Arts of the Pacific Islands (Photo Paul Hester, courtesy The Menil Collection)
Alambak, Yimas, or neighboring peoples' "Figure (Yipwon) with Satchel (not pictured)," 20th century (The Menil Collection, Houston, Gift of J.J. Klejman. Photo Hickey-Robertson)
An epic Twombly, "Treatise on the Veil (Second Version)," 1970, is one of the stars of the modern and contemporary galleries.
Theaster Gates' "Hose for Fire and Other Tragic Encounters," 2014 (The Menil Collection, Houston. © Theaster Gates. Photo Paul Hester)
Yves Klein stops visitors in their tracks.
Underknown minimalist master Joe Overstreet is represented by two works from the early '70s.
Louise Nevelson's "Construction Column from Dawn's Wedding Feast," 1959 (The Menil Collection, Houston. © Estate of Louise Nevelson/Artists Rights Society (ARS), New York. Photo Paul Hester)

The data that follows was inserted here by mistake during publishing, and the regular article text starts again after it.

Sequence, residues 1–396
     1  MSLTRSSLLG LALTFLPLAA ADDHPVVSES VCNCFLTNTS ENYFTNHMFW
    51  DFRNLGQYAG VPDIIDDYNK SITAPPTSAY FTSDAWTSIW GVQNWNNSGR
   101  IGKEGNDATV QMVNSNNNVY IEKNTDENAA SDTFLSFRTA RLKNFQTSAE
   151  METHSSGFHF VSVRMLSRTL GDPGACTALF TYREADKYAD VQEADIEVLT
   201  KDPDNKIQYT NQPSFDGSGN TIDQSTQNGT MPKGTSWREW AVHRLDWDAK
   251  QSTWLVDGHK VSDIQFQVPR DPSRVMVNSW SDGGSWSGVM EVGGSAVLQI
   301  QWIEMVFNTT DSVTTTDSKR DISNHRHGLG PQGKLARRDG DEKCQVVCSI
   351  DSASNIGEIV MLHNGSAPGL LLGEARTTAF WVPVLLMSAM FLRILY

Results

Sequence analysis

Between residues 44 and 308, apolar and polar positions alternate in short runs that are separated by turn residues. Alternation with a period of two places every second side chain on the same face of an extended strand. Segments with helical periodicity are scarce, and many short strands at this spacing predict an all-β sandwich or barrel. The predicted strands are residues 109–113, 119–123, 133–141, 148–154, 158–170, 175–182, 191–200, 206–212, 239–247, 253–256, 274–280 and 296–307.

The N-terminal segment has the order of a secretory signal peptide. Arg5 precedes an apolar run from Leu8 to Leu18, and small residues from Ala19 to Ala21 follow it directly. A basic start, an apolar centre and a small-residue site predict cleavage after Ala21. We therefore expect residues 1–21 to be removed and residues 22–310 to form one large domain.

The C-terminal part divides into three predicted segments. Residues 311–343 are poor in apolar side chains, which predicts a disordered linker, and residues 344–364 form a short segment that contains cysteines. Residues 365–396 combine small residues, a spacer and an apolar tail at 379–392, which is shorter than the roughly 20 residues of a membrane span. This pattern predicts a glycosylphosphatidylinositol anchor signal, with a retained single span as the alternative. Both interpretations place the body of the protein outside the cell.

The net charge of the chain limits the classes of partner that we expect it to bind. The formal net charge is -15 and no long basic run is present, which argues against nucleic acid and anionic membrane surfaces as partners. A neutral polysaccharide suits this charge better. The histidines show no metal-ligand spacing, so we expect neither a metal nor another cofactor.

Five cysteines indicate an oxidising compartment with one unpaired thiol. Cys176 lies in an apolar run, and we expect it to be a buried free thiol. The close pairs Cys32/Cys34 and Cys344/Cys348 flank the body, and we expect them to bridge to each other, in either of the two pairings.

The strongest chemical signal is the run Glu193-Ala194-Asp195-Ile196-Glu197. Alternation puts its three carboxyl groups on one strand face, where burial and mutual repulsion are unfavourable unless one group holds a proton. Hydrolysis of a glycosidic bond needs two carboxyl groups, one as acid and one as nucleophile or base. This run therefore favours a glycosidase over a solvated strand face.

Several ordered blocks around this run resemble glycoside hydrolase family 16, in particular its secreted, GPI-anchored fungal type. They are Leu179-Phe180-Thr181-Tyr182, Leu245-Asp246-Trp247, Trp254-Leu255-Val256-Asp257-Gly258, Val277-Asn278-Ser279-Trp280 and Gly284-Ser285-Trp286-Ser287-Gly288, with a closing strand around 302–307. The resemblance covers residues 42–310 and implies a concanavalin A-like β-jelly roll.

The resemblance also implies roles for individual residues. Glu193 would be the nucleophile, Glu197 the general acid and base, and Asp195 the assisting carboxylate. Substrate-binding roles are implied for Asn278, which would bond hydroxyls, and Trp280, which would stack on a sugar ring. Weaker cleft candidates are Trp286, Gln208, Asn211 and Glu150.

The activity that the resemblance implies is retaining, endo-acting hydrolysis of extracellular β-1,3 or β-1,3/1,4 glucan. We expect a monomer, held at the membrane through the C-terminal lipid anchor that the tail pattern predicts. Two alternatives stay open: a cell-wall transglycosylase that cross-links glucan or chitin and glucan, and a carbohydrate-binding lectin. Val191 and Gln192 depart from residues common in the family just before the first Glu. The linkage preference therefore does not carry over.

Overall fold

René Magritte's "Golconda (Golconde)," 1953 (The Menil Collection, Houston. © C. Herscovici/ Artists Rights Society (ARS), New York. Photo Paul Hester)
Entrance of the Surrealism galleries featuring works by Max Ernst, one of the touchstones of The Menil Collection. (Photo Paul Hester, courtesy The Menil Collection)
Max Ernst's "Surrealism and Painting (Le Serrealisme et la peinture)," 1942 (The Menil Collection, Houston. © Artists Rights Society (ARS), New York / ADAGP, Paris. Photo Paul Hester)
Joseph Cornell's "Discarded Descartes," 1954-56 (The Menil Collection, Houston. © The Joseph and Robert Cornell Memorial Foundation/VAGA, New York, NY. Photo Paul Hester)
Miro and Calder have never looked so good.
Fernand Léger's "Study for The Grand Parade (Etude pour La grande parade)," 1953-1954 (The Menil Collection, Houston. © Artists Rights Society (ARS), New York/ADAGP, Paris. Photo Paul Hester)